Jordan Peterson has a more extended notion of “the self.” Jordan’s concept of free will presumes that the “choosing entity” includes not just the conscious mind by the unconscious mind, and holds the entire individual responsible for both conscious and subconscious actions.
Jordan, claims that free will does exist because individuals are responsible for the set of heuristics that they setup in their subconscious mind, and therefore “intend” the consequences of their actions even if they are not aware of their intent before during or after the action. Interestingly, this assumption is also found in the common law when evaluating civil liability, and Jordan Peterson is a vocal proponent of common law principles
Sam Harris: “I have no control over my actions because the decision to act is made independently of my consciousness.”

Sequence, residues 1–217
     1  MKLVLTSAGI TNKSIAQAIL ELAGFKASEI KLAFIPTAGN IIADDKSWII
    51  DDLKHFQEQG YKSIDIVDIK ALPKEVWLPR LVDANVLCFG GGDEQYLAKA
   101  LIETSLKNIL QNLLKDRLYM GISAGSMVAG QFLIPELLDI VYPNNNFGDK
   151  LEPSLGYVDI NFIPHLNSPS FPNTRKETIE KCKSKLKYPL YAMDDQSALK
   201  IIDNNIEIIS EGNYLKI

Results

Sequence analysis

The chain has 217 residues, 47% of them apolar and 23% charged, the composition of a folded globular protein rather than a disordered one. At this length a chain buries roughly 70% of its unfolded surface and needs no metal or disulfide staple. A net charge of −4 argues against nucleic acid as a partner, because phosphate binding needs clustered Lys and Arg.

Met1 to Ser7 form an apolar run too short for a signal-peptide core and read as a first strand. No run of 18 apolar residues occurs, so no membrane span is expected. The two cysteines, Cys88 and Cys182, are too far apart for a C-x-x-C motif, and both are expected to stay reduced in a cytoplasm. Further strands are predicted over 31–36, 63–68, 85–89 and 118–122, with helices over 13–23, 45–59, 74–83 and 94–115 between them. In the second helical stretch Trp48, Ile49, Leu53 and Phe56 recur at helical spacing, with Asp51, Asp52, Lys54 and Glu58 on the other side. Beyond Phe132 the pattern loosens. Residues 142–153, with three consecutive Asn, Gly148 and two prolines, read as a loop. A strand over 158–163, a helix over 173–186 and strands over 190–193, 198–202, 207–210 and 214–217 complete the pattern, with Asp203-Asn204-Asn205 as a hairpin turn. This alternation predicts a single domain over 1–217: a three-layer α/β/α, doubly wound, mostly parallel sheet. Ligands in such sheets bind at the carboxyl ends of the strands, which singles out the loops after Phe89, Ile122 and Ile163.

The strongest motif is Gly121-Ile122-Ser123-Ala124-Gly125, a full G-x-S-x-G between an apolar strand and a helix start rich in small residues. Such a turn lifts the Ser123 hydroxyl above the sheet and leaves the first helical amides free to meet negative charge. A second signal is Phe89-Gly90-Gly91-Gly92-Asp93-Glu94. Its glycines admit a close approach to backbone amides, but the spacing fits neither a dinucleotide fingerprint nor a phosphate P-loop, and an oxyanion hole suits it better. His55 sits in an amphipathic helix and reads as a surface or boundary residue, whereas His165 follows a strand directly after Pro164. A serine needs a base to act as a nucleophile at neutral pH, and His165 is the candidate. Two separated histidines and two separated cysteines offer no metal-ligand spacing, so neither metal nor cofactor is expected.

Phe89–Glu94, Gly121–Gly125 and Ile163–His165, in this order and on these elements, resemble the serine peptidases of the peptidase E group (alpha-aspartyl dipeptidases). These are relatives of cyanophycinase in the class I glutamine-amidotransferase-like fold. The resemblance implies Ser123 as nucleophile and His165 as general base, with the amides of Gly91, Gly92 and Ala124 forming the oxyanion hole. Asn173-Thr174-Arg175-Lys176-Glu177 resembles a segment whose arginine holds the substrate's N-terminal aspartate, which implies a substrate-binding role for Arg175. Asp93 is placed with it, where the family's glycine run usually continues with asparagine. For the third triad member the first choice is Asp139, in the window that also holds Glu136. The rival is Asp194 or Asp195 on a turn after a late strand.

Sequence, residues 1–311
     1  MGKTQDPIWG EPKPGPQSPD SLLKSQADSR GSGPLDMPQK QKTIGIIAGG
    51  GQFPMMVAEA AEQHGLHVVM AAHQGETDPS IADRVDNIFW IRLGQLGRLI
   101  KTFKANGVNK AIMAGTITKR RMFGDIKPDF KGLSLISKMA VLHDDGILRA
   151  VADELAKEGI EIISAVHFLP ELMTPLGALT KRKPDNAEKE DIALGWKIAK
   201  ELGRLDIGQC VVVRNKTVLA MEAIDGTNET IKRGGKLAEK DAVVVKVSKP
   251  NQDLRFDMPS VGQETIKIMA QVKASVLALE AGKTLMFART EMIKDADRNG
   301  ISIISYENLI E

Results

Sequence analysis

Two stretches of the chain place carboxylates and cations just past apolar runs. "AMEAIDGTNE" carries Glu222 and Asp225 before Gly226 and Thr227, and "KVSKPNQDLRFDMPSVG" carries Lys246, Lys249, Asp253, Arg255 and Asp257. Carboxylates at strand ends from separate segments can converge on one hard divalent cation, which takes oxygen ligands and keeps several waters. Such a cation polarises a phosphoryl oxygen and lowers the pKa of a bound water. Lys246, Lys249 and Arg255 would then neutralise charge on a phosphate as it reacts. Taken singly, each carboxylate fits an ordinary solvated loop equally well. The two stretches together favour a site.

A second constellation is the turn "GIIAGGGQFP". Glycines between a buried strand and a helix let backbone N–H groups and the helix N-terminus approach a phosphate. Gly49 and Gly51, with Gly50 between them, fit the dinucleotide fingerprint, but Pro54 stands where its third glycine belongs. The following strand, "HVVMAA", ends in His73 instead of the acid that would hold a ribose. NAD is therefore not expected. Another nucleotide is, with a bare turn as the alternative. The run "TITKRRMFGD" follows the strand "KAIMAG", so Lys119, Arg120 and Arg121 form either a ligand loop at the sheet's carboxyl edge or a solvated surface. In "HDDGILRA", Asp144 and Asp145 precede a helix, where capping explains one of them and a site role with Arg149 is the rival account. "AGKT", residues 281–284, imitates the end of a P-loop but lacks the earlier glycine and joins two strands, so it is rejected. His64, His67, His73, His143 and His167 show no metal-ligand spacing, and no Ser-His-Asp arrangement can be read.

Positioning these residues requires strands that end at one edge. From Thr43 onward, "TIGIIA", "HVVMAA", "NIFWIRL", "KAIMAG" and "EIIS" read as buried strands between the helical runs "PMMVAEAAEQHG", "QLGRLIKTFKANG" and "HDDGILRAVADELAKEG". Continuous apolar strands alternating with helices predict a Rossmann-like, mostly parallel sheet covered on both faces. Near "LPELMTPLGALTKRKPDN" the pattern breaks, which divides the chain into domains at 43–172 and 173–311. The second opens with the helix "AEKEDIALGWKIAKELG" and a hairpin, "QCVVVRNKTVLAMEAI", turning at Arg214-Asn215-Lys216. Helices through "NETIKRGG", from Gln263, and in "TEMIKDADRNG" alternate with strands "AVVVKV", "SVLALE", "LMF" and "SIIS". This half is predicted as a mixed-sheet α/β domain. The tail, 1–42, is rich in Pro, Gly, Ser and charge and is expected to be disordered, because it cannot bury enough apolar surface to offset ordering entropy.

Jordan Peterson: “You act as if you are responsible for your actions, therefore that’s what you believe, and when you argue against personal responsibility while otherwise acting responsibly you are guilty of an irresponsible lie.”
Sam Harris: “No I’m not.”
Jordan Peterson: “Yes, you are!”
The Religion Issue:
Peterson’s definition of Religion is “A set of myths that closely approximate the ultimate myth.” To Peterson these myths constitute a “Map of Meaning” which is actually truer than scientific observation because it is more readily used by the human mind as a basis for correct action.
Peterson states that all action signifies a preferred outcome, action necessarily entails a value judgment and therefore a standard for evaluating good or bad futures. Peterson further defines morality as a standard used for evaluating the desirability of actions in terms of their consequences.